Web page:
Every day, I am reminded of the importance of remembering. It feels trivial to commit this observation to paper. Or to make this obvious statement to my daughter or husband as I prepare for work. Nevertheless, the importance of remembrance bears repeating.
Over the past two weeks, I’ve attended four extraordinary events. All reinforce the value our community places on lessons drawn from studying Jewish history. And each exemplified the importance of remembrance.
The first event honored individuals who helped create the Jaffe Professorship in Jewish History and Holocaust Studies at Western Washington University. The second was to stand with others, as a representative of Federation, to support Attorney General Bob Ferguson’s efforts to ban assault weapons and high-capacity magazines in Washington State. The third was to celebrate the Anti-Defamation League’s 2016 Torch of Liberty Dinner, honoring William Goldberg, held on the 15th anniversary of 9/11. And the fourth was a fundraiser for Seattle Hadassah.
Western Washington University leads our State in teacher training. As one of only five tenured professorships, the permanent scholar in Jewish History and Holocaust Studies will be an ever-important resource for those entering the education field. The time, energy and effort put into funding this professorship reflect the premium WWU places on learning from the past. Teaching this history is about keeping our memories alive for generations to come.
Our community has been a victim of gun violence. None of us will forget the tragedy that struck our Federation, the deaths in Marysville, and most recently the losses in Mukilteo. The passion with which we support the ban on assault weapons draws its strength from emotions and people who live on in our memories. Federation joins with those who support sensible laws that protect human rights, in consort with honoring civil liberties.
Sitting among supporters of the ADL on 9/11, I could not help reflecting upon the challenges we face as a community. Seattle Police Deputy Chief Carmen Best, the keynote speaker, talked about ways in which we need to work together to learn from and respect each other. The Seattle Police Department, in partnership with the Holocaust Center for Humanity, will participate in programs supporting bias-free policing. She and others from the department attended classes in Washington, DC that focus on “Lessons of the Holocaust.” These workshops juxtapose the authority these officials command with the personal responsibility they possess.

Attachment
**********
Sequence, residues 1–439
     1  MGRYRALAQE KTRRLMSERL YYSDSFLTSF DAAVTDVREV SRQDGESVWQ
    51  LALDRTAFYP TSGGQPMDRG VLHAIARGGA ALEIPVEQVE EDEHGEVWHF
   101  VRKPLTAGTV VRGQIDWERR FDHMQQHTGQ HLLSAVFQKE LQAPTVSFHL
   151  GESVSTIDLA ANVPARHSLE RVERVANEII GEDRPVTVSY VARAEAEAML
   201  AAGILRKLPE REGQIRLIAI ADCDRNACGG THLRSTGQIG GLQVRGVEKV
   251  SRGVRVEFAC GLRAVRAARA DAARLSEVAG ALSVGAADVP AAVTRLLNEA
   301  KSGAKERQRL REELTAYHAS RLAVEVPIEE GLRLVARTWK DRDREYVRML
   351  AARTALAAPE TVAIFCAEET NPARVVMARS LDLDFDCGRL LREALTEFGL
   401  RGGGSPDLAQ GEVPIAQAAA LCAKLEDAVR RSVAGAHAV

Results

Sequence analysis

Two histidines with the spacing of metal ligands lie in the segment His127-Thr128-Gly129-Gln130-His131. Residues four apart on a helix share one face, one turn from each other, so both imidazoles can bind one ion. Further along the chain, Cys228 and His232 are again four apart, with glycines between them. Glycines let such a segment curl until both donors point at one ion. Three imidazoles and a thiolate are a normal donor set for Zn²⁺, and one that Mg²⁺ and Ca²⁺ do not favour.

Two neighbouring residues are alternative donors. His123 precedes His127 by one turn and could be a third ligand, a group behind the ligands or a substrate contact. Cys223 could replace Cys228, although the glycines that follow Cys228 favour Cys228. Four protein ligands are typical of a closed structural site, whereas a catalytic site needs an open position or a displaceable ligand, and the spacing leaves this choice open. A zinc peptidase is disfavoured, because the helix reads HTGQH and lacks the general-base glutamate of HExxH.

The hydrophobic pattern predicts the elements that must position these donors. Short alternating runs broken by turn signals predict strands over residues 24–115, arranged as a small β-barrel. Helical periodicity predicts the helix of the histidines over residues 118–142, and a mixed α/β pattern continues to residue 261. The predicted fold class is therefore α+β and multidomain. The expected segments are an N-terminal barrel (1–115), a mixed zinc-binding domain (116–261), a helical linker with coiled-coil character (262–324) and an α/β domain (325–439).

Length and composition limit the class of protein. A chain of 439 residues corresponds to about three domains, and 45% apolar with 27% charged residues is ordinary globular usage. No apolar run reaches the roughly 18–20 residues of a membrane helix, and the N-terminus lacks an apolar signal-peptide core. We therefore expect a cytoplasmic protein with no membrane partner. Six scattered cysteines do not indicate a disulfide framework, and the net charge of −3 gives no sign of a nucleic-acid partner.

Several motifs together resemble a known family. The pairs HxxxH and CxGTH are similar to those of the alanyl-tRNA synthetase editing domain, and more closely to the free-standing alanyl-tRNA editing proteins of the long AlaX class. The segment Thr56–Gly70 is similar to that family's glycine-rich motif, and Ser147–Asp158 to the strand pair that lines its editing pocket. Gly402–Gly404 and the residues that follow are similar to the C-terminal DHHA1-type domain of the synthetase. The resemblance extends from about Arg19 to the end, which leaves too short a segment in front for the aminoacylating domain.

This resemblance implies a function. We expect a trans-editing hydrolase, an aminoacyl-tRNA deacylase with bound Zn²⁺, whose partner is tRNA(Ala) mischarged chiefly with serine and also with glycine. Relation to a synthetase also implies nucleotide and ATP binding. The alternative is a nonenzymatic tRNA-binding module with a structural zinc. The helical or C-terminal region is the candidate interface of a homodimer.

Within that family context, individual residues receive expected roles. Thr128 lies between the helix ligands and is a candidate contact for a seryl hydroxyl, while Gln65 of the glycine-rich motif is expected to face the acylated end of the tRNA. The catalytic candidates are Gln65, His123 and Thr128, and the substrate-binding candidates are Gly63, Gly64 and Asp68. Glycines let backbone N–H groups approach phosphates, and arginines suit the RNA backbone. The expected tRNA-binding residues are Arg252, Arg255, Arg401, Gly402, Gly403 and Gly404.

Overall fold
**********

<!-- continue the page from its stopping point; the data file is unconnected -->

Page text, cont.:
At dinner, I was reminded there is a generation born after 9/11, with no memories of that unimaginable horror. As we do with the Holocaust, we have a responsibility to keep those memories alive, to raise awareness of prejudices and their dangerous power to divide us. And to honor the common humanity that gives us hope.
At the Hadassah event, I witnessed again how extraordinary this community of Jewish women is. The featured speaker, Barbara Goldstein, spoke with humor and conviction about Hadassah’s history, its support for medical research and health care, and its unwavering connection to Israel. Barbara also spoke about the importance of remembrance. When memories become history, they can become distant from our lives - words in a book or images on a screen. Barbara reminded us that our memories are living testimonies of our past.
It took hard work and cooperation among multiple constituencies to fund the Jaffe Professorship. It will take consensus across the aisle to pass reasonable gun responsibility legislation. It takes commitment among us all to embrace our shared history. It’s amazing what we can accomplish when we work together.
Every morning, I take a moment to remember someone, some place or an event that connects me to my past. I recognize that everyone in our community is part of our shared history, and with every decision we make, we’re responsible for making a little future history. And as Barbara Goldstein reminded us, when we share our memories, their recounting touches our hearts, minds and our souls.